Why Should I Hire a Lawyer When Facing Domestic Assault Charges?
Often, individuals facing domestic violence charges are reluctant to hire an attorney. They may believe it’s easier to simply plead guilty, or they may believe there’s no way to prove they aren’t guilty of the charges. In either case, going to court without proper legal representation can be a costly mistake. An attorney can use his expertise to ensure you get a fair trial and may give you your best chance for proving that you’re not guilty of the charges.
Preparing for the Trial
Getting ready for your trial and developing a strong defense strategy is just as important as the trial itself. One of the key components of any trial is the discovery phase, which allows each side to ask questions, depose witnesses, and examine evidence. This process ensures that both the defense and the plaintiff have had access to the same information, so they won’t be taken by surprise at trial.
While this may sound like a simple process, it’s important that the right information be requested. While there’s no rule that says an attorney must be involved in this process, an experienced domestic violence defense lawyer will know which documents are most relevant to a defense. The average person may not understand how certain facts in a case can play a part in an individual’s defense, or which items may not be admissible as evidence in court.
Commonly, these documents can help your defense attorney improve your chances for a positive outcome at trial:
- Medical records for injuries suffered by the plaintiff
- List of witnesses for the plaintiff, including expert witnesses
- Copies of all evidence, which may include photographs, video or voice recordings, and other physical items
- Domestic violence police reports
- Written police or court statements filed by the plaintiff
- Transcripts of the temporary restraining order (TRO) hearing
- If you have received a demand, claim or notice of a lawsuit for an alleged ADA violation, firms like Nehora Law Firm can provide you with the necessary legal advice in order to fight any charges.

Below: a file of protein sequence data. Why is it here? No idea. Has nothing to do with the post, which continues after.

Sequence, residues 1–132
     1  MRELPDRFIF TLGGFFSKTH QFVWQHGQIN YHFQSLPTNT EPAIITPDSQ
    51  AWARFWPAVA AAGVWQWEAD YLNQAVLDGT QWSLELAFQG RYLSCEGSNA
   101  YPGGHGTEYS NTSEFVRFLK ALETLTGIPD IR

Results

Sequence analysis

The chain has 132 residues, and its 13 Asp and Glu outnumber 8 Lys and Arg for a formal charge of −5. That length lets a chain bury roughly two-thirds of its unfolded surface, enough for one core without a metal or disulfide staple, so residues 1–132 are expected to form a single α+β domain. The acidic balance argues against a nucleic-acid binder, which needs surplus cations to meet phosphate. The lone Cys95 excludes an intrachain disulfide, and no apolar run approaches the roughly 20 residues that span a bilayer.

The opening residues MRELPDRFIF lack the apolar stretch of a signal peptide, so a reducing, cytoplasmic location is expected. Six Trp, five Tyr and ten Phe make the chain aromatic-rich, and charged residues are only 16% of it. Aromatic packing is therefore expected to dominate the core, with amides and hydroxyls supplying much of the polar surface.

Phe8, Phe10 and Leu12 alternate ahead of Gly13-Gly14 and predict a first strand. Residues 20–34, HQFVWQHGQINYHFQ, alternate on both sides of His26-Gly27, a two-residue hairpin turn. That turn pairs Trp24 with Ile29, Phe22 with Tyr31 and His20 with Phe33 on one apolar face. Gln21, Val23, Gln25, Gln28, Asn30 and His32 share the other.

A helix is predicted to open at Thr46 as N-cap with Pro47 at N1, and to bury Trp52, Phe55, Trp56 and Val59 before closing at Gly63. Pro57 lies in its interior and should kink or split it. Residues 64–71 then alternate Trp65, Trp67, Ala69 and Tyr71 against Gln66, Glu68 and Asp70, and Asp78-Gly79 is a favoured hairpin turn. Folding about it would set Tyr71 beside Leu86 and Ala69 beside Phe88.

Defending Against a Domestic Assault Charge
There are three primary defenses against a domestic assault charge. The defendant may choose to plead not guilty on the grounds that he or she was not involved in the incident that caused the injuries. This can be difficult to prove and may be especially problematic without the expertise of a domestic assault lawyer. If the plaintiff can provide evidence and witnesses that establish you were involved in the incident, this type of defense strategy is likely to fail.
Secondly, there’s the self-defense doctrine, which can be applied to domestic violence cases, as well as to other types of assaults. You must be able to show that you caused the injuries as a result of defending yourself against “imminent bodily harm,” which the plaintiff was attempting to inflict. The degree of force the defendant used must be that which any reasonable person would use in similar circumstances. In this defense strategy, your attorney will have to show that the force used was necessary to protect against the unlawful show of force perpetrated by the plaintiff.
Finally, a third defense is to prove that the charges are resulting from a de minimis infraction. This means that the act was too minor and shouldn’t fall under the jurisdiction of a criminal court. Under some circumstances, an injury may result accidentally, or where the defendant never intended to cause harm. For instance, grabbing an individual’s wrist and causing a sprain, where the act was meant to prevent them from falling. In these types of situations, a de minimis infraction defense may be the best course of action.
A domestic assault conviction can have long-lasting consequences. In addition to incarceration or probation, a conviction can result in a loss of your living situation or employment and it may affect your custody rights as a parent. This is why it’s so important to work with an experienced domestic violence attorneys, such as William Hanlon Tampa Criminal Attorney. An initial consultation will help you understand your rights and gain a professional assessment of your situation.